Exploring social justice in labour law, and how can it be measured

Social justice in labour law is not abstract and intangible, but measurable. Setting out to prove this, labour relations researcher Prof Paul Smit is investigating whether it is possible to develop a social justice scorecard, similar to an employment equity or broad-based black economic empowerment scorecard.

“What is social justice and how can it be measured in labour law?” is the question at the centre of the latest research project of Prof Smit, an associate professor and programme leader for Labour Relations Management at the North-West University’s (NWU’s) Faculty of Economic and Management Sciences.

“I have always maintained that labour rights are also human rights, and with the world of work rapidly changing as a result of international trade and globalisation, labour law has taken on a transnational character,” says Prof Smit, who believes social justice lies at the heart of society.

He defines social justice as "the equitable distribution of resources, opportunities and privileges in society".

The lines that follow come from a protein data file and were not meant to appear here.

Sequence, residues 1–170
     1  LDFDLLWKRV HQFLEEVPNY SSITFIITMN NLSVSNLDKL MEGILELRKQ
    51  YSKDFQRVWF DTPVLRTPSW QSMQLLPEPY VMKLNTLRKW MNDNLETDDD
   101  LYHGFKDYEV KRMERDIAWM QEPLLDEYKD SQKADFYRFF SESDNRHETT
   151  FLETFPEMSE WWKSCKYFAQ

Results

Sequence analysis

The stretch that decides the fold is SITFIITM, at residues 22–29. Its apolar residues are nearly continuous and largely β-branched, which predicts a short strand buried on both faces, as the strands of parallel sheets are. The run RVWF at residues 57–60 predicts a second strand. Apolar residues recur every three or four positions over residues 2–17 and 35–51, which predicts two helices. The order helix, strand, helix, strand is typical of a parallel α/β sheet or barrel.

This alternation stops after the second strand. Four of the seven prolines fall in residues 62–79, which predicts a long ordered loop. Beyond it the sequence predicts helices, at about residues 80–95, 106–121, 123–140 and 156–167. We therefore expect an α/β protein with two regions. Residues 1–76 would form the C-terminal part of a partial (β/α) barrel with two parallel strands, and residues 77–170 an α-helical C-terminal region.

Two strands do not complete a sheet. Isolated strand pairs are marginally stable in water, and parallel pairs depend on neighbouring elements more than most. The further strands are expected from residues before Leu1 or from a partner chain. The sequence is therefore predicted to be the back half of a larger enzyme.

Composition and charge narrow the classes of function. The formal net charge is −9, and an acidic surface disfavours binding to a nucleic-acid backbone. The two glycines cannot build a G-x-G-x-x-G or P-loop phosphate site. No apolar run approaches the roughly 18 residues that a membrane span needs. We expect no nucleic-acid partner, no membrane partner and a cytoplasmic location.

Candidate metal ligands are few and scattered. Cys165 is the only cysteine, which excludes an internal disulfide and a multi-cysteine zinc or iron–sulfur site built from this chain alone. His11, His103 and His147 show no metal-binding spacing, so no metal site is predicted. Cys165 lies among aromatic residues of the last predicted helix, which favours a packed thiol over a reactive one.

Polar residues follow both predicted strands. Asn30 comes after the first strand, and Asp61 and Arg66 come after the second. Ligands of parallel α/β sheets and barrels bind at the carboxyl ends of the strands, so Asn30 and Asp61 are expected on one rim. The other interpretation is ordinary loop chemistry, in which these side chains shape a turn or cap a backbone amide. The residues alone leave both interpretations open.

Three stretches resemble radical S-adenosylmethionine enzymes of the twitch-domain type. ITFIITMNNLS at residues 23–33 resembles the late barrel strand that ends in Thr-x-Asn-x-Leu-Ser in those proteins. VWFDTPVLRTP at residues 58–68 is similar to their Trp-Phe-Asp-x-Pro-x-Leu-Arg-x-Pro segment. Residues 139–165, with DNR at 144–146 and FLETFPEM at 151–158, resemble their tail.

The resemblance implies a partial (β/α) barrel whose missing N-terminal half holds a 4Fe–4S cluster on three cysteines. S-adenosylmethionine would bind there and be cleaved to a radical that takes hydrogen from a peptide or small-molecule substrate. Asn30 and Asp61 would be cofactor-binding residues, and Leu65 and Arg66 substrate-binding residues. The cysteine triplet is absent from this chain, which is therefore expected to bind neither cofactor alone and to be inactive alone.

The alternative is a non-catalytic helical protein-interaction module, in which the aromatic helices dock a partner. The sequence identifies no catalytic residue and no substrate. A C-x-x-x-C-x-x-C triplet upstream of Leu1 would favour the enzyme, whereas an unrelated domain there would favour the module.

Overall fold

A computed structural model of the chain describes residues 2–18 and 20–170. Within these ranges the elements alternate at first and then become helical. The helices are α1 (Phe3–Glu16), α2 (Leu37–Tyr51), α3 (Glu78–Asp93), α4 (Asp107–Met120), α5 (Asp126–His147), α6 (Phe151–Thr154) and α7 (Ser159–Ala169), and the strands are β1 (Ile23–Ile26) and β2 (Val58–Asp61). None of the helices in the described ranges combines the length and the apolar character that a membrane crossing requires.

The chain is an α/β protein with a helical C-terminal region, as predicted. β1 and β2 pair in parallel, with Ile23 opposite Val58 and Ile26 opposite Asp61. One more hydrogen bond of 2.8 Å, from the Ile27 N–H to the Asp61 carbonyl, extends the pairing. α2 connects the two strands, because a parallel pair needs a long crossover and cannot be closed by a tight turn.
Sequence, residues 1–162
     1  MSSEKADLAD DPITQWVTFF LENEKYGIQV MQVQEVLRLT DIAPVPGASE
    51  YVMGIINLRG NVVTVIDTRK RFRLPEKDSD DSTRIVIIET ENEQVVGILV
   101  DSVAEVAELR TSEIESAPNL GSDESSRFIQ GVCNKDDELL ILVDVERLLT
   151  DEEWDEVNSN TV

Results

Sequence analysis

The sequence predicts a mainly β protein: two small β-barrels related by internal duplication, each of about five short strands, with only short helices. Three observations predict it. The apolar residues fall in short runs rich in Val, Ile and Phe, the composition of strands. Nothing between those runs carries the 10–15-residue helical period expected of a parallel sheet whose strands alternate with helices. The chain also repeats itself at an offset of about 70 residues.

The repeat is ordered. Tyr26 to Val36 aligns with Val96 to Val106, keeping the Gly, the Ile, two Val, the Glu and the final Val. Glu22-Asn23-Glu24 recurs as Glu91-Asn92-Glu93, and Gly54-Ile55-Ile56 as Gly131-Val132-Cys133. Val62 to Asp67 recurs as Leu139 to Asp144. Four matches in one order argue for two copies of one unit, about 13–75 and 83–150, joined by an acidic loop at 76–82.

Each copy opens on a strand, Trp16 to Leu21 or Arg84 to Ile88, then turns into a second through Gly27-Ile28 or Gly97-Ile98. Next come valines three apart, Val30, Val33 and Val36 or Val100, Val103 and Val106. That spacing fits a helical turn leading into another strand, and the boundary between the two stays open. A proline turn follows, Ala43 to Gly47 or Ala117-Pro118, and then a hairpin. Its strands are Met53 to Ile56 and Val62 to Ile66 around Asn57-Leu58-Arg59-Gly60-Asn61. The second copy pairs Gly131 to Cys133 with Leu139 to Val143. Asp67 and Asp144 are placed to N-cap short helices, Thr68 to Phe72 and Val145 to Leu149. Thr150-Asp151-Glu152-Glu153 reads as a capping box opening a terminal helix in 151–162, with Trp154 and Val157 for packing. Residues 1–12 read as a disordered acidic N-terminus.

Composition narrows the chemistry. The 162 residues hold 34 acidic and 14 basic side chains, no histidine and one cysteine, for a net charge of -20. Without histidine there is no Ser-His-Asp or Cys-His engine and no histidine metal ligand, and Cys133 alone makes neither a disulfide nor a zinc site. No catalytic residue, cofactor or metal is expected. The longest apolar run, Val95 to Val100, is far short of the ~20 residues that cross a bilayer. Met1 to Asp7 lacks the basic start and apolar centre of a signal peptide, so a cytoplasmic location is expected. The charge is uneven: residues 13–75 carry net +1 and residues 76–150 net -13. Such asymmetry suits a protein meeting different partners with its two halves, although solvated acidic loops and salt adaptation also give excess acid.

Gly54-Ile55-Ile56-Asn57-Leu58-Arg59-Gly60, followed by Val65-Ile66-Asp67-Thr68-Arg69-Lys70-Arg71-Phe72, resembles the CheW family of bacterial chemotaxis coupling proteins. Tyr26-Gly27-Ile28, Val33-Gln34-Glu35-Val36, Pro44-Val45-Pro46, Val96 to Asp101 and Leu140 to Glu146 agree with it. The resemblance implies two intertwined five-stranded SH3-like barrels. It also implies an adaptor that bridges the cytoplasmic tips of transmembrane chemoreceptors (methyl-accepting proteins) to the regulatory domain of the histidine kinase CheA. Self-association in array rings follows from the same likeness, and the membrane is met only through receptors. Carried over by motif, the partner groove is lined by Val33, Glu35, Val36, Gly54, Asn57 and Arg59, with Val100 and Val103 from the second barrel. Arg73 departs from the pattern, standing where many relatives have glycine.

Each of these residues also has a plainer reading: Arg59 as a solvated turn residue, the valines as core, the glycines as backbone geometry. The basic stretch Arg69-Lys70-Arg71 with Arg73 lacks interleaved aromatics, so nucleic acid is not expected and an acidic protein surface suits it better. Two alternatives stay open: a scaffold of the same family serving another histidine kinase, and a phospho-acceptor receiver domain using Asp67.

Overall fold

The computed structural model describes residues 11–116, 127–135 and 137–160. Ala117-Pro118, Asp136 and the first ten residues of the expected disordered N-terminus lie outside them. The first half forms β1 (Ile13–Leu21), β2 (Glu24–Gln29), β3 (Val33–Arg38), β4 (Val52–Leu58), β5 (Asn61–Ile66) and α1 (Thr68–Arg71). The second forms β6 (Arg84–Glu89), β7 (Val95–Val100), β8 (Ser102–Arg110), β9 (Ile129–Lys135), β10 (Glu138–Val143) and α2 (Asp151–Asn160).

Measuring social justice in labour law

Prof Smit’s research into the development of a social justice scorecard involves collecting data through surveys and consultations with stakeholders, as well as analysing legal cases for insights into the effectiveness and impact of labour laws on social justice.

Various indicators and metrics can be considered in measuring social justice in labour law, including wage and salary equality, workplace discrimination, employment rights and protections, collective bargaining, employee satisfaction and well-being, income inequality, access to training and promotion opportunities, social dialogue, job security and precarity, as well as anti-discrimination and diversity policies.

Prof Smit has been invited to collaborate as a visiting fellow at Cambridge University in the United Kingdom, whose Centre for Business Research (CBR) has developed a Labour Regulation Index (LRI) data set for 117 countries. This index uses 10 indicators to evaluate countries, fair wages, decent working hours, employment security, family responsibilities, maternity at work, safe work, social security, fair treatment, child and forced labour, and trade unions.

“I look forward to investigating how the LRI can be used for labour law research, especially in comparative labour law research,” Prof Smit says. He and the director of the CBR, Prof Simon Deakin, also plan to investigate whether the social justice scorecard can be used in conjunction with the LRI.

“The aim would thus be not to only determine the levels of labour regulation in a country, but also to determine to what extent the labour laws of a country contribute towards and promote the achievement of social justice.”

For more information, contact Prof Paul Smit via email at: Paul.Smit@nwu.ac.za.

Prof Paul Smit

Submitted on Wed, 09/27/2023 - 15:11